Sense India and Sense International responded to the announcement from The World Health Organization that the recent cluster of microcephaly and other neurological abnormalities linked to the Zika virus outbreak, predominately in Latin America, constitutes a “public health emergency of international concern.”
WHO Director General, Margaret Chan, called Zika an “extraordinary event” that required a global co-ordinated response. Sense India and Sense International support the WHO’s declaration as a call to action that will mobilise the necessary resources and international focus to prevent the further spread of the Zika virus.
Sense India and Sense International encourage the WHO, Governments and donors to not forget in their response to this public health emergency, that long term measures and resources will also need to be put into place to ensure the rights of the children born with microcephaly can access the early intervention, education, life and vocational training that they will need to reach their full potential.
Akhil S Paul, Director, Sense India, said:
“Outbreaks of newer viruses like Zika throw up enormous challenges for people living in any society across economic structures and the governments they belong to. But as always, the impact of the virus is magnified in vulnerable communities. Deafblindness is one of the many complications this virus brings and we at Sense India are sufficiently equipped and committed to supporting parents to educate, nurture and enable children with microcephaly and multi-sensory impairments live life to the fullest”
Gillian Morbey OBE, Chief Executive of Sense and Sense International, said:
“We welcome the World Health Organisation’s commitment to addressing the growing numbers of babies being born with microcephaly and other associated neurological abnormalities, through its focus on containing and eliminating the Zika virus.”
"Sense was founded by families of those born with congenital rubella syndrome during the Rubella outbreak of the 1950s and 60s in Britain. We know from experience that the right support is crucial to helping a person with deafblindness develop to their full potential.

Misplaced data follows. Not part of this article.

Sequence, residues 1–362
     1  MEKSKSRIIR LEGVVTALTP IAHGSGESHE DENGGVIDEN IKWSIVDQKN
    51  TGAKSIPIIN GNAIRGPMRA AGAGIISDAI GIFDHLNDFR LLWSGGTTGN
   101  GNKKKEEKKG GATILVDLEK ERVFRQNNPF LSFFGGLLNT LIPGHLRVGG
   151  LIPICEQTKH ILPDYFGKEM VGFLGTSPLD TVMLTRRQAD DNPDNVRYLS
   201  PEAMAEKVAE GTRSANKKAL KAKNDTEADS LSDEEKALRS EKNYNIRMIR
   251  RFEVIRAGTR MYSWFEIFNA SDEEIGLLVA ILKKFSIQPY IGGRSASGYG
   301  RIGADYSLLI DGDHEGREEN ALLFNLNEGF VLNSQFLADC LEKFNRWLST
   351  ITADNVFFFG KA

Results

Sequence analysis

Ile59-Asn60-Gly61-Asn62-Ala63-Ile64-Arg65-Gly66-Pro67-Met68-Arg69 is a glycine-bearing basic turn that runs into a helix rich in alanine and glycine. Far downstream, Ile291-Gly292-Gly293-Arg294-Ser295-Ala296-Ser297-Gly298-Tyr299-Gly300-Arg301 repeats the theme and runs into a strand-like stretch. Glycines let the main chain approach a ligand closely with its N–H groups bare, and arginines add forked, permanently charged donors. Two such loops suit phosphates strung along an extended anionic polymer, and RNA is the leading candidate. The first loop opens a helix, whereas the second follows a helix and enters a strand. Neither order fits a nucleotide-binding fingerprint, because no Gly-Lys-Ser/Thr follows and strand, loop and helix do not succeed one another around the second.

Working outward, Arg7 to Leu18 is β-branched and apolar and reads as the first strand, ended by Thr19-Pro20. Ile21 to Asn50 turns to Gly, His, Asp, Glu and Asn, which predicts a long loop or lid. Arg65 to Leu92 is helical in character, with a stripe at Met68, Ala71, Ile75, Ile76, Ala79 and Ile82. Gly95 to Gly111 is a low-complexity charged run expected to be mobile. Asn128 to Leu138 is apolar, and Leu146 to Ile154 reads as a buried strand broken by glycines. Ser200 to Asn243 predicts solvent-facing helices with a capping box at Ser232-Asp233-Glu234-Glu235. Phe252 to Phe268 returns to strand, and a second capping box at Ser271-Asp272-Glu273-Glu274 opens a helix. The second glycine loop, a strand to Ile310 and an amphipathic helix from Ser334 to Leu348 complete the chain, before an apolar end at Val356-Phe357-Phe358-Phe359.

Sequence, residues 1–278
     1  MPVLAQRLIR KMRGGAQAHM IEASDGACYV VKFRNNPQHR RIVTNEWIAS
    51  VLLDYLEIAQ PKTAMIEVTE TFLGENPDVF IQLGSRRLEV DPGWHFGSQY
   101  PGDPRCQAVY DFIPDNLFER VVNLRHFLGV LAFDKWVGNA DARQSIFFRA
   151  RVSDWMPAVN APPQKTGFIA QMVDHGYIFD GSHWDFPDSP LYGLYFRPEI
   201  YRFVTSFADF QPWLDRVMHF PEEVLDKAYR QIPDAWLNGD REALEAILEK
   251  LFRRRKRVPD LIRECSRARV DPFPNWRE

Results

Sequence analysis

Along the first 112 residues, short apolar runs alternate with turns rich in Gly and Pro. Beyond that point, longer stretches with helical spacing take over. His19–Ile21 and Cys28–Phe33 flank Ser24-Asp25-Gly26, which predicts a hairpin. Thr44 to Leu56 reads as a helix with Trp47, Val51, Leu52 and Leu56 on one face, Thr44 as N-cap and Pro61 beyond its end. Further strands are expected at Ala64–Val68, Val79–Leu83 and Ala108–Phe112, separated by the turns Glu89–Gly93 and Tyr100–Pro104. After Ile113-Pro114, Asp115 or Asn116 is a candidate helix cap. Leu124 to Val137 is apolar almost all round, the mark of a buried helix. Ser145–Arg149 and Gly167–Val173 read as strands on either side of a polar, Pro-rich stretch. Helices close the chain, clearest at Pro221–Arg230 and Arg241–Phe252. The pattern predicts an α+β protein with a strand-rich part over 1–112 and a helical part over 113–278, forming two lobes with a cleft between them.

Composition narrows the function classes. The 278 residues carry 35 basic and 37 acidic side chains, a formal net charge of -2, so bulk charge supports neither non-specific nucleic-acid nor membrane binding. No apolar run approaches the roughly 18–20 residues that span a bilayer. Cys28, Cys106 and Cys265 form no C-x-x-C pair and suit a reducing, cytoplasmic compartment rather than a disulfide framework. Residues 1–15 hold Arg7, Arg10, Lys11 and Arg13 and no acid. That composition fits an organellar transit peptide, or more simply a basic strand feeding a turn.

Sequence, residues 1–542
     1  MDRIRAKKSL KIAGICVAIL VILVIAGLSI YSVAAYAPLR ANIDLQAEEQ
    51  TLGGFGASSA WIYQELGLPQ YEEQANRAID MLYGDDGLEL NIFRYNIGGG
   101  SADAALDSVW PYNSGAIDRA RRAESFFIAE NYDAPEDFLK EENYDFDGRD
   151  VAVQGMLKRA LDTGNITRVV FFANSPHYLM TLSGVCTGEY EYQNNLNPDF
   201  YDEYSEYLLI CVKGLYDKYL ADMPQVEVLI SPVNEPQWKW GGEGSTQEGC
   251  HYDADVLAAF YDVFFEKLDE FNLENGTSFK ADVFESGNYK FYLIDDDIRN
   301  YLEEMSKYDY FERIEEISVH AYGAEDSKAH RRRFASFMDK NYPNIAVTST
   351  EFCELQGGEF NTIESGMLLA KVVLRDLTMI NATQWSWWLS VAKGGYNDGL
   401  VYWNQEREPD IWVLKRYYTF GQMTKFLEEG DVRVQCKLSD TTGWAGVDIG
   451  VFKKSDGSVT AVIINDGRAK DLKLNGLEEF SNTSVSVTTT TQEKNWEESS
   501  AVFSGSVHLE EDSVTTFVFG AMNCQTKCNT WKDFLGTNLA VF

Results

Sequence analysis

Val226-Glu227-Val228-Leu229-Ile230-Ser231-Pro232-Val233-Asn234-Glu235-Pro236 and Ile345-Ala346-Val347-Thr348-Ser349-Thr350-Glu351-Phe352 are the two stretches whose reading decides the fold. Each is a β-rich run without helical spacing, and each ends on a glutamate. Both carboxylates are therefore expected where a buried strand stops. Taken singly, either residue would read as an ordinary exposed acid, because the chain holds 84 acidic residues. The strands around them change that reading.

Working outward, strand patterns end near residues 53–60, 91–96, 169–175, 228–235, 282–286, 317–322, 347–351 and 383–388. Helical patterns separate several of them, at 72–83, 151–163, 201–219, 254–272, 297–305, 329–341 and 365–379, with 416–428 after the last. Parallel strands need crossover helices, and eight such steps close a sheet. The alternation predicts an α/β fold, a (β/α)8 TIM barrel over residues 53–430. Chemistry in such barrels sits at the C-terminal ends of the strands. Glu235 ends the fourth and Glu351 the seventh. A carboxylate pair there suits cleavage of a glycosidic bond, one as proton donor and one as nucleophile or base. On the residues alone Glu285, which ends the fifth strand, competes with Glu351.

“We encourage the international community to develop the measures and resources that will be required to ensure that the children and families affected by the virus receive the support they will need.”
“Sense International will focus its advice and support to those regions most affected, on these vital long term services for babies born with microcepahly and their families.”
About the Zika Virus:
The Zika virus can be transmitted through certain mosquito species, generally resulting in a relatively mild illness in infected persons. However, experts advising the WHO agreed that there is a strong causal relationship between Zika infections during pregnancy and the recent cluster of babies born with microcephaly, and that this is of the greatest concern.
Microcephaly is a condition in which babies are born with heads which are smaller than expected and it is often associated with incomplete brain development. These children can also display a range of other mild to severe health issues including; seizures, developmental delay (such as with speech, balance and movement), intellectual disability, feeding problems, as well as combined hearing and vision loss.
Yashwanthini's Story: A girl child with deafblindness and microcephaly
Yashwanthini is a six-year-old girl with deafblindness. She has partial vision and hearing loss along with microcephaly and cerebral palsy.
Currently she is receiving rehabilitation training at the Sense India deafblind unit in SPASTN, Chennai. The only child of her parents Mr. Sekar and Mrs. Kanaga, the exact cause for Yashwanthini’s disability is still unknown. Her mother’s medical history includes information of an attempted abortion, excess bleeding during pregnancy and an improper delivery via forceps.
Yashwanthini was two-and-a-half-years-old when she was referred to SPASTN. But her dual sensory impairment (hearing and vision aka deafblindness) was identified only after the deafblind program was initiated there by Sense India. Once identified with deafblindness along with microcephaly she was shifted to the deafblind program, where she receives centre based service thrice a week. Yashwanthini’s mother accompanies her to the centre. Her mother is trained and counselled in developing communication, daily life-skills and understanding her daughter’s needs better.
Yashwanthini is now utilizing her residual senses well. She also recognizes few objects and their functions. Her teacher says that she has a keen interest in all classroom activities. Her parents are proud. From a child who could hardly understand the world around her to now learning to perform everyday tasks independently.
Murray Culshaw -17th Feb, 2016
Most certainly, let us do all we can.